Survey Promo
RVA App Promo Image

Singaporean champion of migrant workers' rights dies at 73

Mrs Bridget Tan (right) received the Hero Acting to End Modern-Day Slavery Award from Hillary Clinton (left) in 2011. (Photo source: US Department of States)

Bridget Tan, a long-time campaigner for the rights of migrant workers and founder of the Humanitarian Organization for Migration Economics (HOME), died on April 18. She was 73.

That tragic news came seven years after she had a stroke.

HOME, an NGO, described Tan as a pioneer for her work with migrants in Singapore. 

"Bridget was an untiring advocate and champion of the rights of migrant workers,” HOME said in a message.

According to the HOME’s Facebook post, "She was instrumental in founding Main's present operations, which include our refuge for abused domestic workers, skills training programs, and legal and job counseling services for all migrant workers,"

The statement said added, "Tan was a real friend and ally of the migrants; she always lent a listening ear and gave a helping hand to people in need."

She had spent the previous few years in Batam, Indonesia, working for a non-profit organization.

On September 29, 1948, she was born as the third of four children to a physician and a housewife.

Tan played a pivotal role in forming the Roman Catholic Archdiocesan Commission for the Pastoral Care of Migrants and Itinerant People (ACMI) in Singapore in 1998.

On Father Andy Altamirano's advice, the Hero Acting to End Modern-Day Slavery Award winner joined the initiative. Soon after the panel was constituted, the priest died, and she offered to serve as chair.

In a 2011 interview, she said she "felt God's call" when Father Altamirano urged her to join the commission.

Tan founded ACMI's food, housing, and training programs, but later she resigned from her post due to some operational management challenges. 

She founded HOME in 2004 using the money she earned during her retirement. 

The nonprofit provides temporary accommodation, medical, legal, and financial assistance, and job skills training to migrant workers who have been abused or exploited by their employers or migrant placement agency personnel. 

Since its founding, the group's mission has extended to include victims of the sex trade and attempts to combat human trafficking. Additionally, it is an advocate.

Tan also founded ‘Yayasan Dunia Viva Wanita’ (World Foundation for Women), a women's sanctuary, in 2004 in Sekupang, Batam, the largest city in the province of Riau Islands, Indonesia. 

The group is listed on HOME's website as a "cross-border partner," they collaborated on a 2012 study of sex workers in Batam.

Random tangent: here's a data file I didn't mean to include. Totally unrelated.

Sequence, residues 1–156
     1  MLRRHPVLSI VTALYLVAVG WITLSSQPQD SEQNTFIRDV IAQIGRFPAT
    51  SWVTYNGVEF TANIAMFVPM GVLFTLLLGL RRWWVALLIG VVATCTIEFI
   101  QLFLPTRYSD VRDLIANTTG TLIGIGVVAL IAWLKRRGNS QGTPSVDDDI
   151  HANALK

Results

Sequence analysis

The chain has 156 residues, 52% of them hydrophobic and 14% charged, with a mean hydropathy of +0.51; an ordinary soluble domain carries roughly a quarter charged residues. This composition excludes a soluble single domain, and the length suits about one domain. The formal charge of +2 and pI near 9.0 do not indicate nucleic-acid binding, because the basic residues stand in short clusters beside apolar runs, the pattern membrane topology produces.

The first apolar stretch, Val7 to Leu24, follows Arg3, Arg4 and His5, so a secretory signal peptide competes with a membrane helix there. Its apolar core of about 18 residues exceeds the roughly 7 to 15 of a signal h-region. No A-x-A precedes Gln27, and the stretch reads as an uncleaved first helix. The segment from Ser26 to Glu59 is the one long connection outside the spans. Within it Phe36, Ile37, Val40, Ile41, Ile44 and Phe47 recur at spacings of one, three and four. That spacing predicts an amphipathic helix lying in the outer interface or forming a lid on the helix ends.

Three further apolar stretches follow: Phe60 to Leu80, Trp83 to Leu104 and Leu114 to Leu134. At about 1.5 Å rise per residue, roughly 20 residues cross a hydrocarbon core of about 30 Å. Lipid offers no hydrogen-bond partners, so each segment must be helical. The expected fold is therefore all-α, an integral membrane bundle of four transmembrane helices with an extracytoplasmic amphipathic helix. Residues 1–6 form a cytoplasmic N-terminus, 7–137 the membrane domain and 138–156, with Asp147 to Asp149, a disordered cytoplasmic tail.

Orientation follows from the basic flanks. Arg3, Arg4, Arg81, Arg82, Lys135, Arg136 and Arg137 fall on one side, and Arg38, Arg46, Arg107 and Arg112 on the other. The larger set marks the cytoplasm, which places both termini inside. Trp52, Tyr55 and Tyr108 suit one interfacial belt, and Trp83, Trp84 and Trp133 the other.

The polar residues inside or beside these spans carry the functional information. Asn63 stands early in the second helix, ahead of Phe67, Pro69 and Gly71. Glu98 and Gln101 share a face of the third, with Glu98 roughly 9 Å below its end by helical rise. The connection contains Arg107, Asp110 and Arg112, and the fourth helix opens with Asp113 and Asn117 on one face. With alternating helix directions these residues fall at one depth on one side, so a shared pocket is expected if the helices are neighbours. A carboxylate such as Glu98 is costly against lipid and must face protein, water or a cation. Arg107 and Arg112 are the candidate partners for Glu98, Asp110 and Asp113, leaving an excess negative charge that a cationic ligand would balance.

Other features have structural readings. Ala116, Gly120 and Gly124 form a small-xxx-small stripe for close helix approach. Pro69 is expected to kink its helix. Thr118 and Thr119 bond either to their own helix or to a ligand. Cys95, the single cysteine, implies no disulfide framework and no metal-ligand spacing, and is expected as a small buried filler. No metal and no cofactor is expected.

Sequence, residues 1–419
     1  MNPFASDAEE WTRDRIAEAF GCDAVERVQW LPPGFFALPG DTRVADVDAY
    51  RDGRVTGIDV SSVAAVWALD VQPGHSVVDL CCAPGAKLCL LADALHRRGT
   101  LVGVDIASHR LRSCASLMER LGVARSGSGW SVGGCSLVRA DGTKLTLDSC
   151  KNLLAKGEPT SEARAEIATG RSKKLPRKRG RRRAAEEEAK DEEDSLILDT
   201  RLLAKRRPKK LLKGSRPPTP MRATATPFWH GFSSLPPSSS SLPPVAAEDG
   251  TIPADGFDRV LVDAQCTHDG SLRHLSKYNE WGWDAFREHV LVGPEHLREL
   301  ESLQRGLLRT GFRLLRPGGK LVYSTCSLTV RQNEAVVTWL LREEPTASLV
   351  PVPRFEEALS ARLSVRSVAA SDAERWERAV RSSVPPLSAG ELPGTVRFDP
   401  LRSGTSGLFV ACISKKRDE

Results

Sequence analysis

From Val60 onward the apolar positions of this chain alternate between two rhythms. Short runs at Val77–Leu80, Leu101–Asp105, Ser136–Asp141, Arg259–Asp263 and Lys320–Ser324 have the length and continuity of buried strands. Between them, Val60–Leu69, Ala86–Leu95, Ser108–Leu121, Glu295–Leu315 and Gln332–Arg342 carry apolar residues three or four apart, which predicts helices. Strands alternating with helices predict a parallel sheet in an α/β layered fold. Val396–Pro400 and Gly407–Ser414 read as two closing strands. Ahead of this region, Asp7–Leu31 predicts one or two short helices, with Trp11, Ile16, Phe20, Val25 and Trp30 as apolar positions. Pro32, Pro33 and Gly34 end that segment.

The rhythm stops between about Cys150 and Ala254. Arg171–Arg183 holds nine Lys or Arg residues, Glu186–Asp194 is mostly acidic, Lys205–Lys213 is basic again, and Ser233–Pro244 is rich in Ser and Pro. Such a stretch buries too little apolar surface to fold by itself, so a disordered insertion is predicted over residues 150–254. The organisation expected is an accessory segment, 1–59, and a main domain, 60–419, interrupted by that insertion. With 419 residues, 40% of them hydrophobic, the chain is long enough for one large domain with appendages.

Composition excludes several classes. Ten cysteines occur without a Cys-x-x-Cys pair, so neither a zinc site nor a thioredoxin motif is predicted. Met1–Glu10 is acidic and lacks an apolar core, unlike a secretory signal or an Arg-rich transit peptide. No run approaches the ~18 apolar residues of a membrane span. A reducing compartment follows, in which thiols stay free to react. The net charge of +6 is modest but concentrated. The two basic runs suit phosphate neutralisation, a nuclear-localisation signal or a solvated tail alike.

She has received several international honors for her advocacy work. 

Thailand and the Philippines have also lauded her achievements.

Tan, who was suffering from diabetes and hypertension, had a stroke in February 2014. 

According to the mainstream media, she collapsed at home and was transported to Changi General Hospital, where she had emergency surgery and remained in critical care for two months.

After the stroke, her first public appearance was in December of the same year, at a HOME tenth anniversary event.

Tan said that her most outstanding achievement over the preceding decade lifted the house from "local renown" to "international recognition at regional and South East region.” 

"The work is everlasting. As long as Singapore needs foreign labor,” she said, “There would be a demand for HOME.”

Jolovan Wham, an activist, writes on his Facebook page in tribute to Mrs. Tan that he has always had a love-hate relationship with her, "as is often the case with folks you like and respect."

Through her, “I learned what it was like to ‘walk the talk’ through her, and when you are determined to do anything, however, limited your resources, if you dream big, wonders can be achieved.”

“Tan was a fierce advocate and never minced her words. She was stubborn and could be maddeningly frustrating to work with but incredibly generous, kind, compassionate with a deep commitment to social justice,” he added, “ It will take time for me to process this,” said Wham.

“A large part of who I am today is due to her, whether she shaped my values and attitude in ways that no one else did when I met her in my early twenties or because I rebelled against her later in life. One of civil society's and the migrant worker movement's mainstays has died. She will be missed, without a doubt, “he concluded.

Mrs. Tan is survived by a son, a daughter, and six granddaughters. 


Radio Veritas Asia (RVA), a media platform of the Catholic Church, aims to share Christ. RVA started in 1969 as a continental Catholic radio station to serve Asian countries in their respective local language, thus earning the tag “the Voice of Asian Christianity.”  Responding to the emerging context, RVA embraced media platforms to connect with the global Asian audience via its 21 language websites and various social media platforms.